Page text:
Bet You Didn’t Know: Secrets Behind The Making of “Diary of a Mad Black Woman”

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Before Tyler Perry went mainstream, becoming the first black man to own his own studio, he was a very popular playwright in the black community. People came in droves to see his plays, you couldn’t pass a bootlegger who didn’t have one of his DVDs and slowly but surely black folk were starting to adopt Madea’s vernacular. (Hell-er!) Then he hit the big screen with his first feature film, Diary of a Mad Black Woman. Coming out the mixed reviews, the film featured some decent actors, including Kimberly Elise, Steve Harris and the legendary Cicely Tyson. Maybe you’re more familiar than a little bit with this film, but we bet you don’t know the secrets behind this film. Check them out.

Fox didn’t want it

Originally, Perry took his script to Fox Searchlight but the company wasn’t feeling it and decided to pass. But Lions Gate had a completely different reaction. When they received the script in 2004, it only took them a week to decide they were going to make the movie.

Tyler’s got that dough

Diary of Mad Black Woman cost $5.5. million dollars to make and from all of his very successful plays, he was able to finance half of it. It turned out to be a very good investment in that the movie made $21 million in the first weekend and over $50 million during its box office run in the United States.

Wasn’t that a nice house?

Remember the house that Charles so ruthlessly threw Helen out of? The same house that Madea demolished with a chainsaw? That was Tyler Perry’s real life home. So hopefully that was prop furniture. After all of his success, he’s probably upgraded since 2005.

Who’s the director?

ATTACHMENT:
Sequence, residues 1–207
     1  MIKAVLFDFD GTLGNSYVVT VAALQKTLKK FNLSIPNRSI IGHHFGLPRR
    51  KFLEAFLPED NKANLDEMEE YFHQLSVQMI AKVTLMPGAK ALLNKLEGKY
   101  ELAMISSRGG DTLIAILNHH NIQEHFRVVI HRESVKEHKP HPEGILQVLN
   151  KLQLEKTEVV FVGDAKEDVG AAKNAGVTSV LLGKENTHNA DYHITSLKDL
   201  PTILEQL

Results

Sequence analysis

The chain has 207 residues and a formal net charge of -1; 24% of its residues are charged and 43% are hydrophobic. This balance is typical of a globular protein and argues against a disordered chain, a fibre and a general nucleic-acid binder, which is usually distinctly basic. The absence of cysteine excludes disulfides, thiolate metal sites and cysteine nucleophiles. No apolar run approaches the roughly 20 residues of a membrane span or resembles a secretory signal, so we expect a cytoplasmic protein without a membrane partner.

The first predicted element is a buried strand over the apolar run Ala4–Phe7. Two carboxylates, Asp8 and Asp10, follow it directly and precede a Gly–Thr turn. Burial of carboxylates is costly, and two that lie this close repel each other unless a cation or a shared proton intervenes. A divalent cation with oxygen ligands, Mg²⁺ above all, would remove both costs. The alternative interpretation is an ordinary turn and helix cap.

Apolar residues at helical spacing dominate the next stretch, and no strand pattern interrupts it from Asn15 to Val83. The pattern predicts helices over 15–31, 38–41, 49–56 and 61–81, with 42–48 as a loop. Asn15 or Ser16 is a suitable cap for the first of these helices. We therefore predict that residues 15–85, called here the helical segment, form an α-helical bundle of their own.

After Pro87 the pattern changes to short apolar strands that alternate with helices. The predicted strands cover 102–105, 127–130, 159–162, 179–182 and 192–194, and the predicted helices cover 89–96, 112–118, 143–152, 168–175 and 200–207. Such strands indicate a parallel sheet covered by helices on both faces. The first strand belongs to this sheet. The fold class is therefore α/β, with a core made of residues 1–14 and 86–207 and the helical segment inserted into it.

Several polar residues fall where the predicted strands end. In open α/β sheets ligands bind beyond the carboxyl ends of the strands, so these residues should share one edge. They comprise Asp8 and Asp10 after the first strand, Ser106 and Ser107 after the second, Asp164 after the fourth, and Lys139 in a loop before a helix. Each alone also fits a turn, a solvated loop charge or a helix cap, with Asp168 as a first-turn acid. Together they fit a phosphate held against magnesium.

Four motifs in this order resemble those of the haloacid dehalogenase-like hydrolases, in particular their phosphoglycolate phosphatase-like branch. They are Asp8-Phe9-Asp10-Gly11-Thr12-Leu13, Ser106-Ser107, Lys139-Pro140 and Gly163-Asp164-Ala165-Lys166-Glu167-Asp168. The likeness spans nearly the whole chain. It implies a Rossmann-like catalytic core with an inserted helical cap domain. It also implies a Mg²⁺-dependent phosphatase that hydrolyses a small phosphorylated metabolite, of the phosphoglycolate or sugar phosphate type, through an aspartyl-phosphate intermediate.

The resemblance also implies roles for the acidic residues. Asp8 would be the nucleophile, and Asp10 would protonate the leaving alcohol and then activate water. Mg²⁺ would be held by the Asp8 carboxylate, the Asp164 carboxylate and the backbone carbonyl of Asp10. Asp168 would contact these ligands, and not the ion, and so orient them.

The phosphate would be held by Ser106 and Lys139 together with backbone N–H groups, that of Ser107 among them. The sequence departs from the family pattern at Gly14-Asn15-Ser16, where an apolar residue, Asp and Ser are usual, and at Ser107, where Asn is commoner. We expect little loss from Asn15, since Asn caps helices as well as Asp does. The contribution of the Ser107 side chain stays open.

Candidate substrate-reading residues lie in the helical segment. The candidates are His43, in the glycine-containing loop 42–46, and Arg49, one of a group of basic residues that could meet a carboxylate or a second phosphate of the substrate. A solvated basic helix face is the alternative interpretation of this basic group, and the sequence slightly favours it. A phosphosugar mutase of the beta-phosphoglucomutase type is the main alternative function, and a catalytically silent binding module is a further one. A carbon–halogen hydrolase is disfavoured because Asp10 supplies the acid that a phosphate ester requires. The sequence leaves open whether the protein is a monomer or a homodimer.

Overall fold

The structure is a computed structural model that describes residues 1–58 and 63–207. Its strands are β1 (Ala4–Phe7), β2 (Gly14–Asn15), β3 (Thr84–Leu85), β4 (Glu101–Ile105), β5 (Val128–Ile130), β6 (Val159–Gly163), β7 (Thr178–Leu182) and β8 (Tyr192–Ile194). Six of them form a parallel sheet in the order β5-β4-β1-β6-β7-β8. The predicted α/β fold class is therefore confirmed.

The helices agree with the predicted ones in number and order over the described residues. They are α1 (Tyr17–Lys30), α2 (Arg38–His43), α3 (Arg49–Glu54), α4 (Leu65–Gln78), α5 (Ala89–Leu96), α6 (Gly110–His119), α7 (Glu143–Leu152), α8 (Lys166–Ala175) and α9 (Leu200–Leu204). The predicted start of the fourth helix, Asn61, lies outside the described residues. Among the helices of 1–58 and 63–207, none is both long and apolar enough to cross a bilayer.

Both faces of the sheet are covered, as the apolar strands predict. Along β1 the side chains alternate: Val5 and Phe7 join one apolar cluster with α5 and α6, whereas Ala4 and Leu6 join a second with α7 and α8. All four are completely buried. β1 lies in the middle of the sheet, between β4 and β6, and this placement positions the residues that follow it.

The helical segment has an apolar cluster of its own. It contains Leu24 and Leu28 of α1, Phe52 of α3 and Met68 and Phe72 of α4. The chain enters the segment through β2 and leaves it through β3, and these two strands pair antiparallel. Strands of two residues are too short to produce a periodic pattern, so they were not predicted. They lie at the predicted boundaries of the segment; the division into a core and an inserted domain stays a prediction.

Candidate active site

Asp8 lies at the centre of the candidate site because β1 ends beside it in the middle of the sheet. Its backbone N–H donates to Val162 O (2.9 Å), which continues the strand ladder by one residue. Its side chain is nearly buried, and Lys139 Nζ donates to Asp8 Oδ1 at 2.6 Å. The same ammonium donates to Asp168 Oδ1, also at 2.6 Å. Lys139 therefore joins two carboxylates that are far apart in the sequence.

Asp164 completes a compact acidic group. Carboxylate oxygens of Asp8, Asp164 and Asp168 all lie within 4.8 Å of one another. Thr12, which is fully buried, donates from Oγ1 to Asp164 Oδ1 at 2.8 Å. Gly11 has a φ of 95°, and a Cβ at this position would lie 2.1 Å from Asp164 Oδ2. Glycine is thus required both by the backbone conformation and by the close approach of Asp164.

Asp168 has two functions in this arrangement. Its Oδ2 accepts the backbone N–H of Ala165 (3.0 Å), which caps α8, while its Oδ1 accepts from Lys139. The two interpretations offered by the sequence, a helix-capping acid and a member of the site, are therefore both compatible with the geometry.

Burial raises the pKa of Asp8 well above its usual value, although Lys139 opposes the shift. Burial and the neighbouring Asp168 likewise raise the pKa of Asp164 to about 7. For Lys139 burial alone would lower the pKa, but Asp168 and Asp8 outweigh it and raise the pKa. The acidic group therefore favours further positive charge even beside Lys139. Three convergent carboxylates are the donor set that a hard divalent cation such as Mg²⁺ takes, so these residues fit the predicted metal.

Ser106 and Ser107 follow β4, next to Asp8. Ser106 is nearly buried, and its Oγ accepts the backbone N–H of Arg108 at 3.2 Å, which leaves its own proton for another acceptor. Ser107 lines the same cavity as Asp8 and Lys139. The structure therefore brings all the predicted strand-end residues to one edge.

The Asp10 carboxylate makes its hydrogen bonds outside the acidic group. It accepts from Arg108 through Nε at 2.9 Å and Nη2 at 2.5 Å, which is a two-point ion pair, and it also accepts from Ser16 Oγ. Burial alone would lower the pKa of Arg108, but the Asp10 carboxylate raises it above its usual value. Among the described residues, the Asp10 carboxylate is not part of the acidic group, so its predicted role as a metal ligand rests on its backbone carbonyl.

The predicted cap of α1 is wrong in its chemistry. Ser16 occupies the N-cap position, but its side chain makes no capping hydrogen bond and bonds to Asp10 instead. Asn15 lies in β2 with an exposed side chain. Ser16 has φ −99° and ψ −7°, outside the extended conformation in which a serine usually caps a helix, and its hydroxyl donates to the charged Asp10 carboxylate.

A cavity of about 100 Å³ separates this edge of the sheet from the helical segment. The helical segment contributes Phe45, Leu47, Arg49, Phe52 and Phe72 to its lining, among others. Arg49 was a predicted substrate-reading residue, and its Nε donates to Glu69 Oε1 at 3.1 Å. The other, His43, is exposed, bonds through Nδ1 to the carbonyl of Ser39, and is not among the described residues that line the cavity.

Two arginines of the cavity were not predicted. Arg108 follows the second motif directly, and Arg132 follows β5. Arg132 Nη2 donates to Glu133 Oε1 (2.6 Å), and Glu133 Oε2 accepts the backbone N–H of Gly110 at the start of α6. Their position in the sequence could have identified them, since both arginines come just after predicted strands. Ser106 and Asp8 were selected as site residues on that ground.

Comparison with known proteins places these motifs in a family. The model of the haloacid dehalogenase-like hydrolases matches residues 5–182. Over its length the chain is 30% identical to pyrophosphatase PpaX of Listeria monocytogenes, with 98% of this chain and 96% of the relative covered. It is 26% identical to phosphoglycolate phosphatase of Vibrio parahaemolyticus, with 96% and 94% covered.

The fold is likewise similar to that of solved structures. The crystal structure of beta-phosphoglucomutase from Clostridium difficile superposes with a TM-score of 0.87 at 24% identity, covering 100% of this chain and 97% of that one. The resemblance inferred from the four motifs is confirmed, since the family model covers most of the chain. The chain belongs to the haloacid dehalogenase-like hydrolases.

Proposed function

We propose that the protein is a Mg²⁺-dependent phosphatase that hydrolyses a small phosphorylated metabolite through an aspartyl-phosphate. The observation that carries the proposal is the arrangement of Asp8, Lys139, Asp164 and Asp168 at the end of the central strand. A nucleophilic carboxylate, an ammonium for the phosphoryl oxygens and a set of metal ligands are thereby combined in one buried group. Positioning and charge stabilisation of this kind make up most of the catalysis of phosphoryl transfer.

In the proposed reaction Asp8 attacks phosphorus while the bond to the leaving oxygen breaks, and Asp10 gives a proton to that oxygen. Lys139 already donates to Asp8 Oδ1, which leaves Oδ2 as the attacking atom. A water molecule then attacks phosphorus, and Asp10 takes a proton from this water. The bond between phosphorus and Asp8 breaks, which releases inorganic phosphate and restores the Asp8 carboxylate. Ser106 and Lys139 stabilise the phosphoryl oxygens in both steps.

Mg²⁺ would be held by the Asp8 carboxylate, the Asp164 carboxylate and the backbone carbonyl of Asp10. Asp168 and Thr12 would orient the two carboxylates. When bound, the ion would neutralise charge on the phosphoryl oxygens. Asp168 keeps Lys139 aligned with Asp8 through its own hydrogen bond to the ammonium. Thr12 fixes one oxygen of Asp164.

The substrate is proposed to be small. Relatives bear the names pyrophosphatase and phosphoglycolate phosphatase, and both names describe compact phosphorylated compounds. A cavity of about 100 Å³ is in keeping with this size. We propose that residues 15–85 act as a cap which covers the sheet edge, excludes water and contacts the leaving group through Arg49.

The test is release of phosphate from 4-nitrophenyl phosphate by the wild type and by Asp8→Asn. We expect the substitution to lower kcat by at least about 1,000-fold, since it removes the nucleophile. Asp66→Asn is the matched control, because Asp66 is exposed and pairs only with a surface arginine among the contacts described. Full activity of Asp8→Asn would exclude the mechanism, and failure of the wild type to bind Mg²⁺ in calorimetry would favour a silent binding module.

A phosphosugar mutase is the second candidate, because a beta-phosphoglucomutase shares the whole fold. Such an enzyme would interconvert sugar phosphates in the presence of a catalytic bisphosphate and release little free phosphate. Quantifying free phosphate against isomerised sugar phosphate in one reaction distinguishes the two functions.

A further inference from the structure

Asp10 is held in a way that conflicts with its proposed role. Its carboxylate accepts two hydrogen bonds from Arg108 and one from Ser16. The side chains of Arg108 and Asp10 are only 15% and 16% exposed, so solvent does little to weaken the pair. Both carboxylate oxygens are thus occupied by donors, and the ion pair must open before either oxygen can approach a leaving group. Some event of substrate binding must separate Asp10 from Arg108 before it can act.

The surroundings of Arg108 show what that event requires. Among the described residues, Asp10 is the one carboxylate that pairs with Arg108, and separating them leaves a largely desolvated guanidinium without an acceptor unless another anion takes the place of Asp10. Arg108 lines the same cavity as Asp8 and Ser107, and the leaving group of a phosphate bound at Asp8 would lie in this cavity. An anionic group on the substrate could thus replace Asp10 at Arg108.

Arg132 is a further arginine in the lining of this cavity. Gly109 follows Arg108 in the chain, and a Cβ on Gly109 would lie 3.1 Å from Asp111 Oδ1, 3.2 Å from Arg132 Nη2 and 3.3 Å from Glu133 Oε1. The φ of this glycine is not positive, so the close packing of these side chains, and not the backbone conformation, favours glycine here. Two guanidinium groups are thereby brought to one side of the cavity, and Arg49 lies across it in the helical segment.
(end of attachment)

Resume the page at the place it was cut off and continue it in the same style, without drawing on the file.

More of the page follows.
You may be surprised to learn that Tyler Perry actually didn’t direct his first feature film. Instead Darren Grant was the man behind the scenes. You may not recognize his name, but you’ve most likely seen his work. He was the mastermind behind some very popular music videos including Dru Hill’s “In My Bed,” Brian McKnight’s “Anytime,” Destiny Child’s “No, No, No (Part 2),” and many more from Aaliyah, Boyz II Men, and Mya.


Should Charles and Helen be together?

At the end of the movie, though Helen has forgiven her unbelievably cruel husband Charles (Steve Harris), she has found a new love in Orlando (Shemar Moore). But you know in a lot of Perry’s earlier works, the Christian message was a central piece to the plot. In the play, like the movie, Charles goes to church and starts living his life more righteously. But unlike the movie, in the play Helen is able to forgive all of Charles’ indiscretions and they end up working on their marriage.


Did Tyler steal that idea?

In 2008, three years after Diary of a Mad Black Woman was released, playwright Donna West sued Perry, claiming that the idea was stolen from her work Fantasy of a Black Woman. Instead of settling, Perry took West to court and the jury ruled, 8-0, that Perry had not taken her idea.

Roger Ebert is not a fan of Madea

Roger Ebert, who usually, reviews black movies favorably, or at least with a modicum of understanding, was not a fan of Madea. In fact, he said her character was fatal to the movie. He went so far as to ask: “What was Tyler Perry thinking?” And then the final nail in the coffin of his terribly unfavorable review came when he wrote: “I’ve been reviewing movies for a long time, and I can’t think of one that more dramatically shot itself in the foot.”

Was Tyler scared to make his first film?

After Tyler Perry became a [black] household name through his plays and eventually his movies, he and media mogul Oprah became fast friends. He was featured on her talk show a few times, detailing his sexual abuse, his homeless struggles and his troubled relationship with his father. She’s often described him as a good friend. When Oprah interviewed Perry for her magazine, she asked him if he was scared to star in and produce his first feature film. Perry told her: “No, because I didn’t know what the hell I was doing. I just saw all those people coming out to the plays.”

He surely hasn’t slowed down any. What did you think about Diary of a Mad Black Woman?

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